Sedimentary Provenance and Petrogenesis: Perspectives from Petrography and Geochemistry
Alluvial sand composition as a tool to unravel late Quaternary sedimentation of the Modena Plain, northern Italy
Published:January 01, 2007
Stefano Lugli, Simona Marchetti Dori, Daniela Fontana, 2007. "Alluvial sand composition as a tool to unravel late Quaternary sedimentation of the Modena Plain, northern Italy", Sedimentary Provenance and Petrogenesis: Perspectives from Petrography and Geochemistry, José Arribas, Mark J. Johnsson, Salvatore Critelli
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The Modena alluvial plain is located on the northern side of the northern Apennines fold-and-thrust belt, where streams draining the chain flow toward the northeast into the Po River. The alluvial plain is characterized by a spectacular abundance of archaeological sites of various ages and can be considered a natural laboratory for the reconstruction of the recent sedimentary evolution of the Po Plain. Detailed modal analyses of modern sands of the Modena Plain streams indicate that the provenance signal can be distinguished on the basis of key components, such as quartz, feldspar, carbonate, and lithic fragments. The compositional fields of the streams depend on the extent of the watershed, the recycling of older fluvial sediments, and the sediment input from tributary streams.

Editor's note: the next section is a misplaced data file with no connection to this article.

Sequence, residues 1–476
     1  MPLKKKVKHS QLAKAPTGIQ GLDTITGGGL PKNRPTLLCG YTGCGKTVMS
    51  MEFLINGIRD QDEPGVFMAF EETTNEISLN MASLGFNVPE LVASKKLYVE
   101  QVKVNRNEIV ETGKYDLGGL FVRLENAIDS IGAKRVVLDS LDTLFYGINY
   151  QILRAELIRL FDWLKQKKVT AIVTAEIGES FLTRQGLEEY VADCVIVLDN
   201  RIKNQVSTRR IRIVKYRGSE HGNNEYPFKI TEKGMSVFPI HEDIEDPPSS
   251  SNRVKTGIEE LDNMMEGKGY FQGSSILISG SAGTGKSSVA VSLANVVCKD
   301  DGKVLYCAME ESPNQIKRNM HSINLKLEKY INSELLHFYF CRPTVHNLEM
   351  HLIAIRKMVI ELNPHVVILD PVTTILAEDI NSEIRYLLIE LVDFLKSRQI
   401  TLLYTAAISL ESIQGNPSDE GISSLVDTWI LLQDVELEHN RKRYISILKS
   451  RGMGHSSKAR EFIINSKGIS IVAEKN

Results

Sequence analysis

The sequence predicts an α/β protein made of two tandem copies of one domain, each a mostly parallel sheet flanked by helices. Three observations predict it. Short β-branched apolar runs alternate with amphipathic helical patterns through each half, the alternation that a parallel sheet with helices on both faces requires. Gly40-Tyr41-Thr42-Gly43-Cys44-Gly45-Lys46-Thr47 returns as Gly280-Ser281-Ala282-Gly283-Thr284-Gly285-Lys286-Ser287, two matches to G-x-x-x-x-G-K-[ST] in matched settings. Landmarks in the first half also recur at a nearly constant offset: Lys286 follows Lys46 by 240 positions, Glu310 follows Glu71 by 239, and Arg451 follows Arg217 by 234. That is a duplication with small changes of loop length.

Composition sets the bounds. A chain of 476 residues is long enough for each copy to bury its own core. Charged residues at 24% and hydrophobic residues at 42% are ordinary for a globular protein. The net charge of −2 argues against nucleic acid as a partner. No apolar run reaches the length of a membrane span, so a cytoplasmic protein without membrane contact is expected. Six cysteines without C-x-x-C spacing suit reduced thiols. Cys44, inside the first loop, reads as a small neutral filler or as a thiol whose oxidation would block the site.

The modal analyses demonstrate that sand composition of the major rivers (Panaro and Secchia) has not changed during the Holocene, when sediment production, storage, and dispersal were probably dominated by colluvial aggradation in an environment characterized by dense vegetation cover.
In the late Pleistocene, fluvial sands were characterized by higher feldspar contents compared with modern and Holocene sands. This feldspar abundance could reflect a high-frequency signal in sediment supply rates linked to secular variations of weathering processes, and it reveals the strong denudation and sediment removal conditions of the last glacial stage (15–18 ka).
The implication of this study is that provenance of Holocene sediments now buried in the floodplain can be determined by a simple comparison with modern sand composition. Sand composition studies may represent a useful tool to reconstruct the Pleistocene-Holocene fluvial sediment supply and the evolution of human settlements as function of climate and drainage system changes.